Re: RSA - Public vs. Private Keys
- From: "William Stacey [MVP]" <william.stacey@xxxxxxxxx>
- Date: Wed, 24 May 2006 16:57:32 -0400
Yes and no. The Verify step is a decryption of the hash bytes on the public
key side (your client). So it *does do decryption, but only with the
signature - not random data. This is a common pattern for license software
that uses RSA:
1) Your server side creates a license (xml, csv, etc) and signs it with
private key. Optionally, your client will send a unique machine hash to the
server first, so that your license can be tied to *that machine only -
otherwise that license will work on any machine.
2) Client installs license somehow.
3) Every client start will Verify the license is good by verifying the
4) Client then uses any values in the clear text license to enable/disable
certain features (i.e. user count, demo, full, etc).
This does work. However, it still does not protect your app. If your app
is on a client, you can Not protect it. It can be cracked or changed to get
around all that fancy encryption. If you still want that, there are free
and paid solutions already that do the above.
William Stacey [MVP]
"Jason" <JipockR3M0VEM3@xxxxxxx> wrote in message
| Thanks, all..
| I see from my search on the web that others are experiencing the same
| problem as I am. I was intending the message to be a license, per se. See,
| if someone were to use reflector against a DLL with a symmetric algorithm
| is not too hard to reverse engineer it. I was hoping that RSA would allow
| to let people use Reflector if they wish, but still could not refute the
| license. It would apprear that RSACryptoprovider doesn't allow for this.
| I am either going to have to write a provider myself (which I've done in
| past for a University class), or use something less secure. Maybe
| in the future, will let us decrypt with a Public Key (or simply not
| public key information be present in the ProviderSettings when attempting
| Thanks again, everyone for your time..
| "Joe Kaplan (MVP - ADSI)" <joseph.e.kaplan@xxxxxxxxxxxxxxxxxxxxxxxx> wrote
| in message news:%239Ey%23U2fGHA.2032@xxxxxxxxxxxxxxxxxxxxxxx
| > RSA is intended to encrypt messages with public keys only. Usually,
| > people say they want to encrypt with the private key, they really want
| > sign a message. The Microsoft crypto stack goes to some lengths to
| > prevent you from using RSA the wrong way by designing the APIs so that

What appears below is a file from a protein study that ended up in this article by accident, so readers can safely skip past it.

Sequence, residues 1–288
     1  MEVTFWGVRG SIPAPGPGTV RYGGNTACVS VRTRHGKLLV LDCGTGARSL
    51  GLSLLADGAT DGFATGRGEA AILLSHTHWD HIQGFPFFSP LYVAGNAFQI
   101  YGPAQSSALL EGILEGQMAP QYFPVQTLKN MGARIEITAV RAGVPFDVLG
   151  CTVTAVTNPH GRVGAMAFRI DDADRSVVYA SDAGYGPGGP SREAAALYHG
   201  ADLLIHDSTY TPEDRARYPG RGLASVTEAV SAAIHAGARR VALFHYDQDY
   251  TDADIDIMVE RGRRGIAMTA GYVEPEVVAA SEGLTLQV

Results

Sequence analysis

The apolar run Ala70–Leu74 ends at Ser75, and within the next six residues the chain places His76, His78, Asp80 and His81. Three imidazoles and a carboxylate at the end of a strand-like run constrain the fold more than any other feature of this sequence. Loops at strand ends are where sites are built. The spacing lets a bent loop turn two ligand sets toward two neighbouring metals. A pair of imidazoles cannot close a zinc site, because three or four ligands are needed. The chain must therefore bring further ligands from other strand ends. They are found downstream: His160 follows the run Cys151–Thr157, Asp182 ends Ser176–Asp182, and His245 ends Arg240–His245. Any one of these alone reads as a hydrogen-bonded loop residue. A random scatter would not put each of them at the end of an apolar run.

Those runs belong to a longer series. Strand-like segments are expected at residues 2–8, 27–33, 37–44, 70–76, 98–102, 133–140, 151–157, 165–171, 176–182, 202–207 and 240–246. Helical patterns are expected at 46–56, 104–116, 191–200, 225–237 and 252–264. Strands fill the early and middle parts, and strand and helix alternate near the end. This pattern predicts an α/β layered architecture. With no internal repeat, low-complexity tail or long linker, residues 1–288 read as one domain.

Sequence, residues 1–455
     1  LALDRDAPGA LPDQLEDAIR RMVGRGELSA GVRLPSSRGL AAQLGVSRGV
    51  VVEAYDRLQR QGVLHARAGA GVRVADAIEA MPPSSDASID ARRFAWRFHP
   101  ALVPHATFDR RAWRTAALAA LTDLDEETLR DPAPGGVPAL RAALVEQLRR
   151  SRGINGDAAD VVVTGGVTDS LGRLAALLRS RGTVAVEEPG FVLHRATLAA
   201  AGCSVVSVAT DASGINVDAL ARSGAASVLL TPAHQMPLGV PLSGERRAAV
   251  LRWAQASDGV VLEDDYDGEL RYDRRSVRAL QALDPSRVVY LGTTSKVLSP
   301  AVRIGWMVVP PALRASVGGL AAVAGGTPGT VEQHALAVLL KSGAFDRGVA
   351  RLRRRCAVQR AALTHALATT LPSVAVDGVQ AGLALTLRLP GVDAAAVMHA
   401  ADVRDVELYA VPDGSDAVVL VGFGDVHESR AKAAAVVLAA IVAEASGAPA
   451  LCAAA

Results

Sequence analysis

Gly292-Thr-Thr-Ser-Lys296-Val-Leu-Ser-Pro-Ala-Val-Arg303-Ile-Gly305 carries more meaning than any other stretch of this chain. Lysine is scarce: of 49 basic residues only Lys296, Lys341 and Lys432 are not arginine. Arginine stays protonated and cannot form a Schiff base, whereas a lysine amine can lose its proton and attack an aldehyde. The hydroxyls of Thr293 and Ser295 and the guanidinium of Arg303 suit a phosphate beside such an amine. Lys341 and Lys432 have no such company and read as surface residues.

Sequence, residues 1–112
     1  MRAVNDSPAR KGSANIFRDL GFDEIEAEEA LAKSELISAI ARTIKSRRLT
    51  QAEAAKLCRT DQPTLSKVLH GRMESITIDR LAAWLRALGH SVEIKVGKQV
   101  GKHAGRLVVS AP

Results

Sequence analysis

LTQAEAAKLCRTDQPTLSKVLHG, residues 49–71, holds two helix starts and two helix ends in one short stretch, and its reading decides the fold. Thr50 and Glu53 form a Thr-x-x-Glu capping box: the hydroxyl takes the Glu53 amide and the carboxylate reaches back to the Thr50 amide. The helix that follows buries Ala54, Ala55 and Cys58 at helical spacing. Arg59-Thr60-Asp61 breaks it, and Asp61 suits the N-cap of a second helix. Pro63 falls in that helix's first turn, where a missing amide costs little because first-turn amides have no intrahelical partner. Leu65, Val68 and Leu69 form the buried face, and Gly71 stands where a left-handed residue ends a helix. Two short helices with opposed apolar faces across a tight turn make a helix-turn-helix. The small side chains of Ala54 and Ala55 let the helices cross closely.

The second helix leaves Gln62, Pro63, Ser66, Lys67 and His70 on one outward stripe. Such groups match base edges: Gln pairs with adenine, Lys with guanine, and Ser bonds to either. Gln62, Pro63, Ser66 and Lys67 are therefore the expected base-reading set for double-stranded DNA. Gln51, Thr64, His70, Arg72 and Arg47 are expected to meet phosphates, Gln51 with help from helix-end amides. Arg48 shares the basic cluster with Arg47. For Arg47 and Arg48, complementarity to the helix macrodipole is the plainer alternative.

| > encrypt with public keys and sign with private keys.
| > Another thing worth pointing out is that RSA is only used for encrypting
| > (or signing) very small amounts of data. Typically, to do bulk
| > with RSA, you generate a random symmetric key, bulk encrypt with that
| > then encrypt the symmetric key with the private key. Cryptographic
| > message systems like PKCS7 are designed to provide a structured way to
| > bundle up the bulk encrypted data, the encrypted session key, info about
| > the bulk encryption algorithm, and public key/certifcate info about the
| > public key used to encypt the message into a tidy binary package to move
| > around. If you don't use PKCS7, you'll need to do something similar to
| > deal with the same issue.
| > Joe K.
| > --
| > Joe Kaplan-MS MVP Directory Services Programming
| > Co-author of "The .NET Developer's Guide to Directory Services
| > Programming"
| > http://www.directoryprogramming.net
| > --
| > "Jason" <JipockR3M0VEM3@xxxxxxx> wrote in message
| > news:OT9UNC2fGHA.2456@xxxxxxxxxxxxxxxxxxxxxxx
| >> I'm sorry to say that it doesn't.. It's a nice overview of
| >> RSACryptoProvider, but it has the same flaw that I"m trying to avoid:
| >> How do you decrypt something on a target machine without that target
| >> machine having the ability to "reverse engineer" your cypher and
| >> re-create a different message?
| >> The RSA algorithm allows you to decrypt a message (that was cyphered
| >> a public key) with a private key, AND it lets you decrypt a message
| >> was cyphered with a private key) with a public key. RSACRyptoProvider
| >> seems to allow the first part, but not the second.
| >> Anyone have any thoughts??
| >> "Dominick Baier [DevelopMentor]" <dbaier@xxxxxxxxxxxxxxxxxxxxxxxxxxxxx>
| >> wrote in message
| >>> maybe this helps:
| >>> ---------------------------------------
| >>> Dominick Baier - DevelopMentor
| >>> http://www.leastprivilege.com
| >>>> I'm running into a dilemma. I"m trying to encrypt a message on one
| >>>> machine, and have it decrypted on another machine (say, the target
| >>>> application). But, I don't want the keys to be 'hacked' very easily.
| >>>> This is a small amount of info, and so I thought RSA sounded
| >>>> appropriate.
| >>>> My idea was to take a message, encrypt it using RSA, and dumping the
| >>>> BASE64 to a flat file (or config file, actually), and then having the
| >>>> application (which is not connected on the net) to read the file,
| >>>> decrypt the message and then utilize the info in it. This is a
| >>>> one-time message.
| >>>> Problem is, is that RSA provider seems to only want to Encrypt with a
| >>>> Public Key and Decrypt with a Private key. Now, the RSA standard (P
| >>>> and Q) doesn't require this, right?! I should be able to swap these,
| >>>> as in, encrypt with a private key and decrypt with the public one. I
| >>>> can't send the private key to the target machine, since when you
| >>>> export parameters, you *must* include the public key as well, even
| >>>> though you don't need it!
| >>>> Has anyone experienced this? Or have a work around?
| >>>> "Take a simple message, encrypt it asymmetrically, and have the
| >>>> message receievd on the target machine without that machine being
| >>>> to alter the message with any information it has)"?
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